War of the Rebellion: Serial 090 Page 0282 OPERATIONS IN N. VA., W. VA., MD., AND PA. Chapter LV.

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did most excellent service. Later in the day, about the time I received the order to move to the left, we were exposed to a severe fire of artillery from a battery of the enemy near Winchester, and I placed Captain Bradbury's whole battery in position, and soon silenced it. Chase's section bravely fought its guns after the horses were killed.

I have the honor to be, very respectfully, your most obedient servant,

W. H. EMORY,

Brevet Major-General, Commanding.

When this report was written General Dwight's report had not been received. When received it was found to contain errors and aspersions against other troops and officers, which require explanation.*

W. H. EMORY,

Brevet Major-General, Commanding.

Lieutenant Colonel C. KINGSBURY, Jr.,

Assistant Adjutant-General, Middle Military Division.

HDQRS. DETACHMENT NINETEENTH ARMY CORPS,

Harrisonburg, Va., October -, 1864.

COLONEL: I have the honor to submit the following report of the battle of Strasburg, on the 22nd instant [ultimo]:

On the 21st my corps occupied the left of the road, and I was directed to hold the road leading to Front Royal, and ascertain the force of the enemy that was across the Shenandoah River. A battery of artillery was placed in position and shelled the enemy's position across the river, and the Ninth Connecticut, Colonel Cahill commanding was pushed across a ford below and directed to fell the enemy's position. It resulted in ascertaining that a brigade of the enemy's cavalry occupied the opposite bank of the river. One regiment and a battery were also detached to the eminence overlooking Strasburg and the road to Front Royal, to prevent any re-enforcements to the enemy from that quarter. The night of the 21st I received orders to move corps at the break of day to occupy the position occupied the night before by the Sixth Corps, and to keep closed on the Sixth Corps, which was to move to the right. I ordered the First Division to move to the right and front of its then position, covering the ground and occupying the position occupied by Major-General Wright's front line on the evening of the 21st; but on reaching the position early in the morning I found my First Division commander absent, and had not obeyed my orders, and that the enemy's sharpshooters fired upon me as I rode upon the ground. A portion of my Second Division being then near at hand and ready to march I brought it rapidly up and occupied the vacant space. It was then too late to charge, and I placed the First Division, which had followed the Sixth Corps by a circuitous route to the rear, on the left of the Sixth Corps, two brigades of the Second Division on the left of that, and the remaining two brigades in reserve. My pickets and the Ninth Connecticut were kept in a very extended line to watch the Front Royal pike, and to prevent the brigade of the enemy's cavalry from crossing the river on our left where it was fordable nearly everywhere. My line was much attenuated, in order to enable me to comply with the two conditions-to connect with the Sixth Corps on the right and guard against the enemy's turning our left-and I strengthened it be temporary barricades.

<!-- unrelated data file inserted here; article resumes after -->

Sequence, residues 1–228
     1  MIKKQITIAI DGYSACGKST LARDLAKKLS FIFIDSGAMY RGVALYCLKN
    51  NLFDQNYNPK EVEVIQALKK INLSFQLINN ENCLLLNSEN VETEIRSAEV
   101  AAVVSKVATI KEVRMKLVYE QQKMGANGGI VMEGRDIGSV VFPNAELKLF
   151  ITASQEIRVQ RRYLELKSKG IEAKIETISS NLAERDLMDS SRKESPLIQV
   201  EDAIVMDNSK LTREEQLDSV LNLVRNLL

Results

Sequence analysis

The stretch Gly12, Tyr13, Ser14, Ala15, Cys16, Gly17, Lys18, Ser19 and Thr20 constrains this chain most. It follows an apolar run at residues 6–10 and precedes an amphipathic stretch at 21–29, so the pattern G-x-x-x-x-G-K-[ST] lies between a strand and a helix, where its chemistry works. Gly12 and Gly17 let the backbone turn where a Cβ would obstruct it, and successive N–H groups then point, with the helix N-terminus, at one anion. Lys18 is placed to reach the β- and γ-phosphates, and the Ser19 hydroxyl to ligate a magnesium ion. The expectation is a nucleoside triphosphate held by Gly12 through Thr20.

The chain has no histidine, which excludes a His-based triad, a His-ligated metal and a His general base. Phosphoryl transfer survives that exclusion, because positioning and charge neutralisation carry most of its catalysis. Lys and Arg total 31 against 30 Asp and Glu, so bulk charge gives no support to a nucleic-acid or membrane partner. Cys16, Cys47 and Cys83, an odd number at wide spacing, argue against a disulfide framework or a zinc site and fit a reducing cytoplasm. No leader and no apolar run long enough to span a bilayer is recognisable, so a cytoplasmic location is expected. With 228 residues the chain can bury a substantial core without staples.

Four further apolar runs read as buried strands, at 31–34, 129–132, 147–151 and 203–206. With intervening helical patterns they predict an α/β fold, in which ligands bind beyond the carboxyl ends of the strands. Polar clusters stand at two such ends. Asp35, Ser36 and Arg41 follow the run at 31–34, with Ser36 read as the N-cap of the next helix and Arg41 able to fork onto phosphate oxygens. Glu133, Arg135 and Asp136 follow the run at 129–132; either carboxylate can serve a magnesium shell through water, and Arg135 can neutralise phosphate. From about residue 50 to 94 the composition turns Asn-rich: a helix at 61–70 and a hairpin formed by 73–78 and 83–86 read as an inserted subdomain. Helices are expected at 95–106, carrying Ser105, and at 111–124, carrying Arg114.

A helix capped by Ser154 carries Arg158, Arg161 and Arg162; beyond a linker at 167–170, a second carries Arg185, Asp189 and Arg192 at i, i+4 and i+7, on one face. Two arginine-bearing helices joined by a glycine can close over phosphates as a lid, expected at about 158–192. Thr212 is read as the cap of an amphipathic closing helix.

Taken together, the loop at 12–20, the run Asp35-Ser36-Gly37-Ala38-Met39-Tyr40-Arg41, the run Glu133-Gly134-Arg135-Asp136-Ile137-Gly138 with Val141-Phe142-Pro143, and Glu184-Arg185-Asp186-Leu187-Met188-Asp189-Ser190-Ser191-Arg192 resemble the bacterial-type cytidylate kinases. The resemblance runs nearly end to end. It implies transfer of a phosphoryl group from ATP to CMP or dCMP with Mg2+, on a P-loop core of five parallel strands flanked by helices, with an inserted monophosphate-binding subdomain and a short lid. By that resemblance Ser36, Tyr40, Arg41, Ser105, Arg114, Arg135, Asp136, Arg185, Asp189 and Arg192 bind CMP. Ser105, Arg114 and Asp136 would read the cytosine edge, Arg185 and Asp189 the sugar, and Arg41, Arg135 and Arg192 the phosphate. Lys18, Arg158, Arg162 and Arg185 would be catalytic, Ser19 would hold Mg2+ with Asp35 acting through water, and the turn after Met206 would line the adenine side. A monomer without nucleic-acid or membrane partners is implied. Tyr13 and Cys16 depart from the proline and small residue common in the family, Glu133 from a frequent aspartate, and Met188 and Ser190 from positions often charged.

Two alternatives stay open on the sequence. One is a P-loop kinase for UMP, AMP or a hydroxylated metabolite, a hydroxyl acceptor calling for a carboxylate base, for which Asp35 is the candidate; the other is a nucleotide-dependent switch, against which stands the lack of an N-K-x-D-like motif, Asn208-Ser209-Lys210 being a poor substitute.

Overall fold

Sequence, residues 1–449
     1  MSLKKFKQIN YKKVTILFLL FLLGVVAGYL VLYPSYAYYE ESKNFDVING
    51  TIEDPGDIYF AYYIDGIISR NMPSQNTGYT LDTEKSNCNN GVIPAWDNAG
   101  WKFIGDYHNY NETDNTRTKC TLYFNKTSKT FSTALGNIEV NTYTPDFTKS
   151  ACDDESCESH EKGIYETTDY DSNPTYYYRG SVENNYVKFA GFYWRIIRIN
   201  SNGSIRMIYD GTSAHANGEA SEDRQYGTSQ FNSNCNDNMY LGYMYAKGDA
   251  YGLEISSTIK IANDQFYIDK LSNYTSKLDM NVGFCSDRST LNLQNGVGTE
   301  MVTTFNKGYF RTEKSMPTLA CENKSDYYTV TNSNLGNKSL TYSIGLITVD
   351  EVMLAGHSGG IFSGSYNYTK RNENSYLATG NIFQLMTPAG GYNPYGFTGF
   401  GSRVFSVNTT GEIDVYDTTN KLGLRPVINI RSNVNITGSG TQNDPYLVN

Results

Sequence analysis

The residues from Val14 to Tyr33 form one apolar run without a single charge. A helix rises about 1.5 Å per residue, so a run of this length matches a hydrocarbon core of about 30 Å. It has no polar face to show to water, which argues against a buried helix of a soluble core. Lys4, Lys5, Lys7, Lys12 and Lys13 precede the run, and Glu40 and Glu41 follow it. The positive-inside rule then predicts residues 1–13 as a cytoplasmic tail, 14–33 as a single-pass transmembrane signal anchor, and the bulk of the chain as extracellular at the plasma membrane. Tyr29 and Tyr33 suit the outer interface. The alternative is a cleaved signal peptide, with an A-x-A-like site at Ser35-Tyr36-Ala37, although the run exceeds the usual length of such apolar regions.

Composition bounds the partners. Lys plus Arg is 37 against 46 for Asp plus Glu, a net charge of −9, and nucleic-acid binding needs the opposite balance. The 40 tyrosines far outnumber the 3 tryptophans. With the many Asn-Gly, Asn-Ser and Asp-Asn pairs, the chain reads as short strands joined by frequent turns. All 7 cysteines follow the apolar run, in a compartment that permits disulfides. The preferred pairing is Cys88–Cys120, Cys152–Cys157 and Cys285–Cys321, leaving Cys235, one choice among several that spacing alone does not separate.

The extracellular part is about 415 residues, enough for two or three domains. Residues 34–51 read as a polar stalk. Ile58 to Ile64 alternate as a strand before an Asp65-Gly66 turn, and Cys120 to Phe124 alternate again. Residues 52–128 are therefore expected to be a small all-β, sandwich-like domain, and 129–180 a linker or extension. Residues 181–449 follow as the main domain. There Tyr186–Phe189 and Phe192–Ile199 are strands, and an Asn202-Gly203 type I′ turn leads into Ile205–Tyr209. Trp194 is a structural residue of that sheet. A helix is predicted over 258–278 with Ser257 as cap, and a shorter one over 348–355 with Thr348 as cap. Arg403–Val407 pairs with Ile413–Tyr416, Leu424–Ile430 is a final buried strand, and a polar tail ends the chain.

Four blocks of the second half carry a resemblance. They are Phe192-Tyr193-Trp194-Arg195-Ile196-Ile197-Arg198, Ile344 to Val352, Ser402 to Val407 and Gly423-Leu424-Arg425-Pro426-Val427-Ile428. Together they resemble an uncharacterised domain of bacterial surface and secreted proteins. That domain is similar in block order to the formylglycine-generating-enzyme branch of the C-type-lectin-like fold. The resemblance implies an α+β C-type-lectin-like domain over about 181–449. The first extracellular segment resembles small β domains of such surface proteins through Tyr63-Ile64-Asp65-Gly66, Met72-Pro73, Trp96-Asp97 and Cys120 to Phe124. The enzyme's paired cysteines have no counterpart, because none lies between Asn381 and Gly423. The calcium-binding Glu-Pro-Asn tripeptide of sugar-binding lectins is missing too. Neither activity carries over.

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*See Dwight's report, p. 287, et seq.

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